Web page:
Plastic freezer bags
If you are using a freezer, you’ll need lots of these, plus a sharpie marker to label everything. It’s critical that you put dates on everything you freeze. You think you’ll remember what they are and when you froze them – but you won’t. And believe me strawberry sauce and spaghetti sauce look awful alike after they’ve been frozen a few months (so does applesauce and chicken broth). That wasn’t a pleasant lesson to learn the hard way – so take it from me.

Whatever you put in your bags – here’s a few more hints that will help:
Be sure the fruit/vegetable is as air dry as it can be. You can use a salad spinner to help with this.
Always remove all the extra air. This will do a lot for fighting freezer burn.
Freeze flat. After you have filled your bag, push the ingredients around until they are as flat as can be and freeze the bag in this position. Then after it is completely frozen, you can stack your bags up like bricks in the freezer and they take up less room (and look incredibly organized).

Plastic containers (large yogurt containers, small ones, old medicine bottles)
Ok, I’m admitting right up front that I have a container fetish. Ask my husband or check out my basement. Even though you can now recycle almost anything, I still hang on to all useful containers. This has come in very handy for me, not only saving us money, but making my life simpler. Small medicine bottles are great for storing the wealth of dried herbs we grow and large yogurt containers are perfect for freezing applesauce and chicken broth after they have cooled. Having various containers on hand has been a lifesaver when packing for a picnic, taking food to a friend in need, or sending food to school or church for an event. Small yogurt containers also make the perfect pot for starting seeds inside.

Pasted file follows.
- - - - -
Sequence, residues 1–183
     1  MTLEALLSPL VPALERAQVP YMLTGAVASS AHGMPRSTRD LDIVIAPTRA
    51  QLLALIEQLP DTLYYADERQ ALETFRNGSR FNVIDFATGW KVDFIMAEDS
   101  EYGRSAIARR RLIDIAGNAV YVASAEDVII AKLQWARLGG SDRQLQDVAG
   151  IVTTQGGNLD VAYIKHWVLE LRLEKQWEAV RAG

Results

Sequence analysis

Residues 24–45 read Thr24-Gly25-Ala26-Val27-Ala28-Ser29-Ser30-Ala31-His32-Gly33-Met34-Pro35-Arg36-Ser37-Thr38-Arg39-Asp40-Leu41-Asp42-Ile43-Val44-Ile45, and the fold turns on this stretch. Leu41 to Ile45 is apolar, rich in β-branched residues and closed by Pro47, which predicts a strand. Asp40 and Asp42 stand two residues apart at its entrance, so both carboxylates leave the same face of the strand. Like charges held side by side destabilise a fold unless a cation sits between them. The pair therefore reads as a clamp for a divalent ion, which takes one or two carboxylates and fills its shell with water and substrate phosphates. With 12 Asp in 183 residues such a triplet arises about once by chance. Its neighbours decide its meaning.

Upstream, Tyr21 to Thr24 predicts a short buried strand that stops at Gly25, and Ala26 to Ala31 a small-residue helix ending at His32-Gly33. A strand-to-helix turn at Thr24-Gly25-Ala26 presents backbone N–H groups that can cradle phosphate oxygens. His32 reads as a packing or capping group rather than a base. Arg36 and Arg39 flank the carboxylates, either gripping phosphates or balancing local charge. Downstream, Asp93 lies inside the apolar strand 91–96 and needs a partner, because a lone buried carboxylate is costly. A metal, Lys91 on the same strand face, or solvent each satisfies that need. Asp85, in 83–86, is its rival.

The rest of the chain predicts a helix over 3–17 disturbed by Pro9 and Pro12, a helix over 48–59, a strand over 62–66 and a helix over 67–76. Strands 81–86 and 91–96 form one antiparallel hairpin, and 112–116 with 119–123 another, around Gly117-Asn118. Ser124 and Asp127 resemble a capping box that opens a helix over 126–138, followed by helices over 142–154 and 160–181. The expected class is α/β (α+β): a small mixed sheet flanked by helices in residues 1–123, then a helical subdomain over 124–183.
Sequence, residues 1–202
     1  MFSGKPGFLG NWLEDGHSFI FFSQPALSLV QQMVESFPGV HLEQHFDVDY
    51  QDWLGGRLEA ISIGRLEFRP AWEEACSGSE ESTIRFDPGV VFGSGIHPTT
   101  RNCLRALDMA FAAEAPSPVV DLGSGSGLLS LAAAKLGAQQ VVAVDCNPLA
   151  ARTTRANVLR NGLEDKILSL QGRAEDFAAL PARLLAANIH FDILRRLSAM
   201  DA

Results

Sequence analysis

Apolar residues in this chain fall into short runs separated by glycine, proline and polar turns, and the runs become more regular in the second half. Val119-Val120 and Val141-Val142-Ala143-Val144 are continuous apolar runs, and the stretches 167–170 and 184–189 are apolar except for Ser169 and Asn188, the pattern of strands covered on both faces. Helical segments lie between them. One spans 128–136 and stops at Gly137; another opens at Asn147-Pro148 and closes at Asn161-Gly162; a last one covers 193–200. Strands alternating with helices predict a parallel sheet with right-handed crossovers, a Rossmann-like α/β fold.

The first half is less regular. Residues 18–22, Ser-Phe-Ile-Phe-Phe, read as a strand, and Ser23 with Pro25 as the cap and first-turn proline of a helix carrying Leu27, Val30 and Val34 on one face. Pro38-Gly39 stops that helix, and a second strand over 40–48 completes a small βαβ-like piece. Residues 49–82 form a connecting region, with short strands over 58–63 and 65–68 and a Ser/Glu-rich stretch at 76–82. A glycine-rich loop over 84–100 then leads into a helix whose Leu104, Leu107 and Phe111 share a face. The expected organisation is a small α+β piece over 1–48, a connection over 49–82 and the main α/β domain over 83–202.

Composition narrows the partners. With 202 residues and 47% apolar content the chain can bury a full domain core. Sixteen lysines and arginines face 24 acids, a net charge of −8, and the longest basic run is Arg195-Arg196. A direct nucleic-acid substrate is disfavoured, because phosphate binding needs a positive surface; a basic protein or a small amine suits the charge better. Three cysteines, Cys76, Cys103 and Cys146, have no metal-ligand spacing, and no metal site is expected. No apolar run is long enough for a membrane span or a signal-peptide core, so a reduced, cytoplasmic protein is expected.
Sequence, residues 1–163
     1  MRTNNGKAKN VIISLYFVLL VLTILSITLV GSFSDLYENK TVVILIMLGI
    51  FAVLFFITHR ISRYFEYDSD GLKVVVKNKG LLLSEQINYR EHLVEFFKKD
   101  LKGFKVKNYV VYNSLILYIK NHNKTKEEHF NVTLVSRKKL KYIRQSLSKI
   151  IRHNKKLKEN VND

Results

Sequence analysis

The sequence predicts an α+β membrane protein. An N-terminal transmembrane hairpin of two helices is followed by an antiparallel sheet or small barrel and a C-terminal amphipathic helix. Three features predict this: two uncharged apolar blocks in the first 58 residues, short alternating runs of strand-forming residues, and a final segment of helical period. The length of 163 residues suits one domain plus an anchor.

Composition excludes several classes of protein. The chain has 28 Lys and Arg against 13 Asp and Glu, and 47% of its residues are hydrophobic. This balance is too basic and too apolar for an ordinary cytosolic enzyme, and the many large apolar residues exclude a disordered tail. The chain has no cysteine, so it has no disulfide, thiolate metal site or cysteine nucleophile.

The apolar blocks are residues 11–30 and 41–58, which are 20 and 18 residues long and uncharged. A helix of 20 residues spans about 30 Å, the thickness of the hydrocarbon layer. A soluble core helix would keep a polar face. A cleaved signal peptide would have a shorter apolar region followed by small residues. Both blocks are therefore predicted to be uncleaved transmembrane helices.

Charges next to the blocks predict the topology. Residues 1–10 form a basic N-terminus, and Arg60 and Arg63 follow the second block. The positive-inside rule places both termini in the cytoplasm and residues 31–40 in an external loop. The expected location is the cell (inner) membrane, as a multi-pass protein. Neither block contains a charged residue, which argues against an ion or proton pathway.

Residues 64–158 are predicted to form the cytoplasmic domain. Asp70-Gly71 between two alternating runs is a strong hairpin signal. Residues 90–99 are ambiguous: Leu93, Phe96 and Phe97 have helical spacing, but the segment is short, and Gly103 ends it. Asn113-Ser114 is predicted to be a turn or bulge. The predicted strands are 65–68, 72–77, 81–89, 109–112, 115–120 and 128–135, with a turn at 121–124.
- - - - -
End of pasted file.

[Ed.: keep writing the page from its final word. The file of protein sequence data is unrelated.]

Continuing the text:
Find a place and a way to store plastic containers and you will be helping yourself and the planet. I wish I had a handy tip for storing miscellaneous plastic containers. I put like-size containers together in boxes and bins and shelve them and use the drawers of an old desk for the little containers, but there’s not an easy answer.

I’ve already extolled the wonders of the breadmaker, but like freezers these are also something that people discard. Check yardsales and goodwill and the basements of relatives and friends. I got mine for $15 at goodwill – brand new still with the directions! This appliance will save you lots of money!

Yogurt maker

These are less expensive than a good toaster oven and are just about the easiest appliance to use in my whole kitchen. You can also make yogurt using your own oven – but I’m fairly sure the money you save will be spent leaving your oven on for 12 hours.

Sorry about the long post. But if you’re still reading this, you must have needed all this information!

Wednesday, February 25, 2009

Aspartame vs. Stevia

When I first began eating organic myself, I couldn’t truly couldn’t fathom giving up my Equal (aspartame) to sweeten my tea, soft drinks, yogurt, and every other diet version of foods I love. I had no idea what was in Equal, but I needed it. Without an artificial sweetener I would surely turn in to an enlarged, grumpy version of myself. Then I discovered stevia.

Stevia is an herb native to Paraguay. It is an all natural sweetener that is 300 times sweeter than sugar. And get this – no calories! True. It even looks just like aspartame – coming in a white powder form. It was and still is, crucial to my diet. I use it to sweeten tea and yogurt, but have yet to bake with it. I can’t figure out how the smaller volume of sweetener will work out in my cookies. I promise to try and let you know. I cruised recently and discovered all kinds of recipes I hope to try.

I did a little research this week in to aspartame and stevia. Here’s what I discovered. Aspartame is made in a lab by combining two amino acids. Stevia is a plant leaf (commonly called “sweet leaf”). Aspartame has been around since the 70’s and been heavily marketed. Do a search of aspartame online and you will quickly find site after site warning about the effects of aspartame poisoning and other dangers. Stevia has been used for centuries by the Paraguay Indians with no ill effects. Stevia is safe for use in diabetics because it does not raise blood sugar levels.